A largescale study conducted in two parts of the world has revealed that roughly one in four heterosexual men have anal human papillomavirus (HPV) infection. The condition is traditionally associated with women, who undergo the familiar “pap smear” to detect its presence, while the incidence in men was assumed to be much lower. Until recently, there was no effective test for HPV in men, but now there is and, guess what? According to a report in the June 15th issue of The Journal of Infectious Diseases, samples of men in the Netherlands and Brazil found rates of anal HPV infection (in both the anal canal and the perianal region) to rival women’s vaginal rates. Since men are, in today’s curious lingo, the “vector” of this infection for women, this finding does raise an intriguing question, which research leader Alan Nyitray posed with classic scientific undertatement: “There are a number of questions this study raises. For instance, how was HPV transmitted to the perianal region and anal canal of these men.” How indeed? Are we to conclude that vast numbers of Dutch and Brazilian men are going down on other men on a regular basis? Perhaps not, but it’s a puzzlement, that’s for sure. The hunt for a vector is on.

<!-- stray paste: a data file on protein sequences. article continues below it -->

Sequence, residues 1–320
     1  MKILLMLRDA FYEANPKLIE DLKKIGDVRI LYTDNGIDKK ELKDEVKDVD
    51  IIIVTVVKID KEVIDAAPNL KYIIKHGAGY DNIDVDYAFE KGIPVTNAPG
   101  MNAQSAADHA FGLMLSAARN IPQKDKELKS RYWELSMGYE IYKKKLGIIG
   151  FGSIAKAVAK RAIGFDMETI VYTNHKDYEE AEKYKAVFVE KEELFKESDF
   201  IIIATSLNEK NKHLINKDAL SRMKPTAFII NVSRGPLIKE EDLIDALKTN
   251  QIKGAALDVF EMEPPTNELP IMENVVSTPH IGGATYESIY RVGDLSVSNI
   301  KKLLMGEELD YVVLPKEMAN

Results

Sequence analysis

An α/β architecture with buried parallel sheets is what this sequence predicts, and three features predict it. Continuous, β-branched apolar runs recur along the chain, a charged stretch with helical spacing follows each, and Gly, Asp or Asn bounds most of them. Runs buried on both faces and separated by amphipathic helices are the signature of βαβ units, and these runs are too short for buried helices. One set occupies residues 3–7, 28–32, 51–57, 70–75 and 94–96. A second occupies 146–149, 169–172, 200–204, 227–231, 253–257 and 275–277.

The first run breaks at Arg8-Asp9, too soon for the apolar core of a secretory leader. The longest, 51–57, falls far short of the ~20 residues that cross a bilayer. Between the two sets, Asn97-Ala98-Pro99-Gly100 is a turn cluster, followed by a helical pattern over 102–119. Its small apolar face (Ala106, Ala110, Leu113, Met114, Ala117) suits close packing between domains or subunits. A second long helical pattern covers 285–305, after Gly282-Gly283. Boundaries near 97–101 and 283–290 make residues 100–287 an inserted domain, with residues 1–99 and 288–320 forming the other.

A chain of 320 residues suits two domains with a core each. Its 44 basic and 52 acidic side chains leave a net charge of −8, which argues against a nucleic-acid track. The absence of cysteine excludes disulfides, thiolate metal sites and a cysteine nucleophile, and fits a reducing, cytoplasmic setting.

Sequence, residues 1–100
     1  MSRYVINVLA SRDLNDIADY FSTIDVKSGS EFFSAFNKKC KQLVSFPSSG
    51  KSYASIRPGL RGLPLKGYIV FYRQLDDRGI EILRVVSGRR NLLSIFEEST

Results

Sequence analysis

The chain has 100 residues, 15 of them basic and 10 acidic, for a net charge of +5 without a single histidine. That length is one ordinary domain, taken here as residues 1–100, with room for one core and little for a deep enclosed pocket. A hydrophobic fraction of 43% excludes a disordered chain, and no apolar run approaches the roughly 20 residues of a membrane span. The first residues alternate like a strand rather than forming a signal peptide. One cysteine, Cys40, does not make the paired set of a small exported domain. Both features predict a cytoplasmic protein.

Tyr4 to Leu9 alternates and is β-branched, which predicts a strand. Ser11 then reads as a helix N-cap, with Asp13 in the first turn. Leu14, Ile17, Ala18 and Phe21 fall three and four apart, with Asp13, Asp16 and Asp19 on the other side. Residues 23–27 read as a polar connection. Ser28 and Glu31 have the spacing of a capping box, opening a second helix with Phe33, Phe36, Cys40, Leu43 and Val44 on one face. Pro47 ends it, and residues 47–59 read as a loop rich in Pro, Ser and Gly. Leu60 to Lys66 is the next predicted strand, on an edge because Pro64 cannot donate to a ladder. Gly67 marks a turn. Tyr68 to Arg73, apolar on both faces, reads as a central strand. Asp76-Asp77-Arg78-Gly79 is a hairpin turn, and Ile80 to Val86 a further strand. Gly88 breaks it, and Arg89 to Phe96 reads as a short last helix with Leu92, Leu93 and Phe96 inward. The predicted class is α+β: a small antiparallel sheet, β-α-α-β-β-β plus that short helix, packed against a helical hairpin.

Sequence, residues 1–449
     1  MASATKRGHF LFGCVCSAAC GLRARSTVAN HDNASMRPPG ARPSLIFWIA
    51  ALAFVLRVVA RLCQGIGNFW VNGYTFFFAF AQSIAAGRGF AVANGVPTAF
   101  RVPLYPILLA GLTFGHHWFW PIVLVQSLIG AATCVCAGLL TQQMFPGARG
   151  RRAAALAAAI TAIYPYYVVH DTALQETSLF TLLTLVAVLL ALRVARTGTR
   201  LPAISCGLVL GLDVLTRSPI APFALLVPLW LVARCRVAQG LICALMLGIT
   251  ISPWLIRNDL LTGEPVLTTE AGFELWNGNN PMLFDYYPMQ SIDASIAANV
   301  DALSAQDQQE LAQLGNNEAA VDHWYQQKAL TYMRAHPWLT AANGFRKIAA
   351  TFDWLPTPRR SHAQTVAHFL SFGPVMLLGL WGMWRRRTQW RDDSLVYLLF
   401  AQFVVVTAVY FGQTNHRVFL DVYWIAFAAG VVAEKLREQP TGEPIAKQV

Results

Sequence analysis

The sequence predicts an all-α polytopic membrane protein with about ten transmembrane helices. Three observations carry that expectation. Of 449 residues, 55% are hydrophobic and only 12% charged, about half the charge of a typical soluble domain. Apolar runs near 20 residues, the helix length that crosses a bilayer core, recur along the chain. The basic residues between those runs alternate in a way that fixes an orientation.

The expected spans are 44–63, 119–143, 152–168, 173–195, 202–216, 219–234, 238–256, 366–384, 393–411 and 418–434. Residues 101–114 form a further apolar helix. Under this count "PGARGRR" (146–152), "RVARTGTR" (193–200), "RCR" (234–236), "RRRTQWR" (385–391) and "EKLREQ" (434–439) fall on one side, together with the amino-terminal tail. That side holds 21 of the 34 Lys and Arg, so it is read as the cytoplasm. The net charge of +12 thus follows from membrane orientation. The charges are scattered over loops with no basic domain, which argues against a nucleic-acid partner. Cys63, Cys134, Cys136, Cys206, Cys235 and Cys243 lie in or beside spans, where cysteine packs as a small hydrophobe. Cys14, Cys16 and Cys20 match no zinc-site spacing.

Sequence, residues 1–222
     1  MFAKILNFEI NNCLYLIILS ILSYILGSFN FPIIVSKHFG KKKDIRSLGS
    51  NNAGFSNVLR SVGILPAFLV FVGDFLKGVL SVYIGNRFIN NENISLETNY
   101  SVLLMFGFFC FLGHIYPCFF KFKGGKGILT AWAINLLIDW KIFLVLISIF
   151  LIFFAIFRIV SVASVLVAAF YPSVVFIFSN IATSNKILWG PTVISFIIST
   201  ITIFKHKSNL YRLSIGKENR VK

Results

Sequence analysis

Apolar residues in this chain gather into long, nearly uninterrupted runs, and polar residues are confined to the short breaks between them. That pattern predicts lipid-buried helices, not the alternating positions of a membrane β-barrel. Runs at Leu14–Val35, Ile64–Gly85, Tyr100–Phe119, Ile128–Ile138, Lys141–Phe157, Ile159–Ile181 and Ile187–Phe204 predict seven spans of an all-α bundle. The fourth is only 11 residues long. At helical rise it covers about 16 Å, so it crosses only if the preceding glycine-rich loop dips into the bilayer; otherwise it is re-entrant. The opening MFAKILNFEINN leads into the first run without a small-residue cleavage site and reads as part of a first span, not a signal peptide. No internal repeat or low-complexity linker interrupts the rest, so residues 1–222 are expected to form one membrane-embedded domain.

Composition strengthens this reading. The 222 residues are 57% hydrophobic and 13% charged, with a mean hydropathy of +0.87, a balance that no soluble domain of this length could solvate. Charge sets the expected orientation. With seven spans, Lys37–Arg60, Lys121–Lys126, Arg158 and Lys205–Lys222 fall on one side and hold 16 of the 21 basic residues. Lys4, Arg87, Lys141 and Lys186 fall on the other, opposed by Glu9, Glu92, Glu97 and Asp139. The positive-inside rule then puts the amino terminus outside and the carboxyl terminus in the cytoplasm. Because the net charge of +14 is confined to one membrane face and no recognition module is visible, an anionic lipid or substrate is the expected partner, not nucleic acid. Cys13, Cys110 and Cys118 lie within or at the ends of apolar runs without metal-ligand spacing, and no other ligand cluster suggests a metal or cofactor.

Source: Reuters Health Information 2008